Monday Jan 19, 2009

access a virtualbox guest through the network

[A quick update - in V2.2.x, we can use "Bridge" option in the network setting to access the VM from outside world, which is familiar to VMWare users. May 31]


On virtualbox, the default network setting of the VM is NAT. It's certainly the easiest way to get the network up and work - you don't need to touch anything, just use the default setting. But you need to do some extra configuration when you want to access services running on the guest(VM), which is not that straightforward and convenient. You may refer to the manual about how to set up "port forwarding". It's basically to ask the host to listen on a user defined port and forward incoming requests to the default service port on the guest.

You may find "host interface networking" setting is more convenient. In this case, the guest will be assigned an IP address in the same subnet of the host. You can access the gust's services just like visit an ordinary host on the network. You may even redirect the guest's display to other machines if you like. Besides, you also get superior network performance comparing to NAT.

Wednesday Oct 15, 2008

Sun and BJ Olympic Games

A couple of days ago, I learned some
interesting stuffs when I was chatting with a colleague. It’s about Sun’s
technologies and products applied in the impressive Beijing Olympic Game.


Most of
us who work for Sun may know that Sun provided the technology platform to NBC’s universal Olympic website. This is not new to
us. (BTW, Sun’s Intel Xeon based X64 servers delivered superior performance
while providing energy and space efficiencies). And it’s also not new that the
Facebook’s Online Olympic Games Application was developed using Sun’s new
browser-based social application development environment, Zembly.
The fun part of the chat is what Sun’s tech/products were been used in
Beijing during the
game.


I don’t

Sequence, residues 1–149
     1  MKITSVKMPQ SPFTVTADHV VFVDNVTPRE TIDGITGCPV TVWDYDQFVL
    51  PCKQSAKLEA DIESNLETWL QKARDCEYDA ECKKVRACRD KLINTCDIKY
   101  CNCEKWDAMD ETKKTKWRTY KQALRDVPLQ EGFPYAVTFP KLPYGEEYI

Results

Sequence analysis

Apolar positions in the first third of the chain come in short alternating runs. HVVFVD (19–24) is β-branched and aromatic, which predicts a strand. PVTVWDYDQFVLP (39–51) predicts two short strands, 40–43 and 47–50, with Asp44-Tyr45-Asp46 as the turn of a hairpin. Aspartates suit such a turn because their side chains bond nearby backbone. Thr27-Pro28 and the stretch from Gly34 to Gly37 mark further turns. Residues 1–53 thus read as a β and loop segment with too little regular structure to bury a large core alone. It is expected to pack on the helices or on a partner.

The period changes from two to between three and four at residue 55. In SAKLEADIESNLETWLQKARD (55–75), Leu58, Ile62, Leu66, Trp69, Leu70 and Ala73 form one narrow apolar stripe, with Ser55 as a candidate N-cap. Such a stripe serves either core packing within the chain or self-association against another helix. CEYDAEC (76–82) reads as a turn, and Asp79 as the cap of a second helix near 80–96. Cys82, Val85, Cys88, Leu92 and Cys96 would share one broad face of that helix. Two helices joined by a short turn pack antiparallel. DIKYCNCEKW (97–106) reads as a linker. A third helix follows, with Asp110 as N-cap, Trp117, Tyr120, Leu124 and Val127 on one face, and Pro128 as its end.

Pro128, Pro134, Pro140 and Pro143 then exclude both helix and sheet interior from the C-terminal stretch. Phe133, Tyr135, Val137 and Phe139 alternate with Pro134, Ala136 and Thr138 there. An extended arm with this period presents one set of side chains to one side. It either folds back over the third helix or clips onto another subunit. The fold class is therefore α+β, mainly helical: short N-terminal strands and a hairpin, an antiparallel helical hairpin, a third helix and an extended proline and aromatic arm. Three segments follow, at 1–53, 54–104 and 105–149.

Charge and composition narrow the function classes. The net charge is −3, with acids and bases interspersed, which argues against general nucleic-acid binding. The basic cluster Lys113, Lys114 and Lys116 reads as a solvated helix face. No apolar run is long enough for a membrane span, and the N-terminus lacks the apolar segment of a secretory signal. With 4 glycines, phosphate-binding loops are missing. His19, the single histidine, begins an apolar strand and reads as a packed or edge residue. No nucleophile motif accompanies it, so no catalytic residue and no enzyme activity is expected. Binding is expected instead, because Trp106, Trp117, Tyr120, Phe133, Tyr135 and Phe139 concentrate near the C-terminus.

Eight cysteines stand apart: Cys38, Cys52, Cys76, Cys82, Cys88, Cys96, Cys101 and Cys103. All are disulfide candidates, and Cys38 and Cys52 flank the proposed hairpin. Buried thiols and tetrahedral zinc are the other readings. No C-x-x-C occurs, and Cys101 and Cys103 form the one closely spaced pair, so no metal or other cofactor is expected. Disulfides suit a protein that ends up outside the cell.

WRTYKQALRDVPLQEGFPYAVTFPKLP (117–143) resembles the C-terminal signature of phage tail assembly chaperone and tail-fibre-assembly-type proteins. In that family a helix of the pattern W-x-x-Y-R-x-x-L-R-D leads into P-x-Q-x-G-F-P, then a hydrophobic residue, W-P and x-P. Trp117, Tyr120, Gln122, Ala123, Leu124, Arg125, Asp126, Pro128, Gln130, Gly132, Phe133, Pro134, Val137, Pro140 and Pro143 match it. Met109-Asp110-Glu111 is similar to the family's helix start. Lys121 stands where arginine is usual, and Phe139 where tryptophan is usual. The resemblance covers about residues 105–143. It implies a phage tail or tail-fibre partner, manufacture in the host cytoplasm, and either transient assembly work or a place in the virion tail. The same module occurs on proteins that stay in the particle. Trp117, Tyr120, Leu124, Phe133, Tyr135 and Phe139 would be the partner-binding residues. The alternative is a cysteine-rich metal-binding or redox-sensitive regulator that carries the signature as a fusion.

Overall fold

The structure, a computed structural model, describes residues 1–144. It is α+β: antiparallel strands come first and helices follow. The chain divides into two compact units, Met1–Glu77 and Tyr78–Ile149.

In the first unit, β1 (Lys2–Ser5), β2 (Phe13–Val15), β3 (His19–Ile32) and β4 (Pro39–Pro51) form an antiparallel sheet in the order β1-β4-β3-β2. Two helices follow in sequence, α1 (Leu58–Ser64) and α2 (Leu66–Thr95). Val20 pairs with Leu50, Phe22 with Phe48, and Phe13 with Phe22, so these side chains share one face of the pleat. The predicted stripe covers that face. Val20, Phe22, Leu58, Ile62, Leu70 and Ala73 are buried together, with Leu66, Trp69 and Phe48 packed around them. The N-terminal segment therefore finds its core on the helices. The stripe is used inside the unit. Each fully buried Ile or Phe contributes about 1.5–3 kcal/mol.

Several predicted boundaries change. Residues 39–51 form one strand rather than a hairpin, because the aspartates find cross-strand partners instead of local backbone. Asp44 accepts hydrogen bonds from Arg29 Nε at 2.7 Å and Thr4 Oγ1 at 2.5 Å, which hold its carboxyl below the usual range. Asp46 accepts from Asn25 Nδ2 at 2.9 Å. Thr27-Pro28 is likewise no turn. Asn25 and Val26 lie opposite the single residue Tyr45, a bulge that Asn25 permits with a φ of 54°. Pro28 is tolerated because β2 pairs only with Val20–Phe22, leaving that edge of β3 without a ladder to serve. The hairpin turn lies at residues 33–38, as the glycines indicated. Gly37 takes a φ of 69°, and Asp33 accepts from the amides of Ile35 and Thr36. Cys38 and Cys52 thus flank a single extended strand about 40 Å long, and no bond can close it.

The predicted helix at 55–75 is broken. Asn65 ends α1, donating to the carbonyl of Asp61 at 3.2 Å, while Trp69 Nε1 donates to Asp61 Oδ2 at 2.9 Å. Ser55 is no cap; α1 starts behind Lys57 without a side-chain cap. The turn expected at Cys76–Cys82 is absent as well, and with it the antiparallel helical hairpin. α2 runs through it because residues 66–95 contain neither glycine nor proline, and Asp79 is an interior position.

know why Sun doesn’t spread the words about it’s role in this Olympic Game(this
reminds me, maybe I should be careful about what I say here - they might be
business secrets, or even national secrets…:-)
), anyway, here’s the “unofficial” information, take it “at your own
risk”. Here you go. Sun provided consulting services to the Games Systems. the
services included system architecture design, implementation and supporting services
during the game. As you can guess, the systems used quite a lot Sun’s products.
Here’s an incomplete list: Solaris 10, Sun Cluster, Directory Server, Web
Server, QFS and of course servers(both SPARC and X64) & storage. It’s said
that the team worked like a dog during this hot summer. Before the game, they
spent a lot of efforts to test and tune the system. They tried to break the
system with huge workload and erroneous inputs…etc. The team also provided
HW&SW support during the game. They were monitoring the systems and reacting
to any emergency. Besides the difficulties of the project itself, the team also
suffered a lot by the awful communication experience:-)
, don’t get me wrong, I mean because of the language and the
cultural differences.


Okay, what
else…yeah, one thing I remembered clearly is the comments about JES
directory server. As expected, the directory server performed very well under a
heavy workload. It was used to provide authentication service.


There’re
a lot of other products from other companies were used in the system along with
Sun products. Oracle DB, for example, was running on Sun Sparc servers(I guess
so). Windows Server OS was used heavily in the system mostly on Lenovo PC
servers. I just wonder how many of them were running on Sun’s X64 servers.


Hope to
see more Sun products in
London…I really hope.

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Jie Shen

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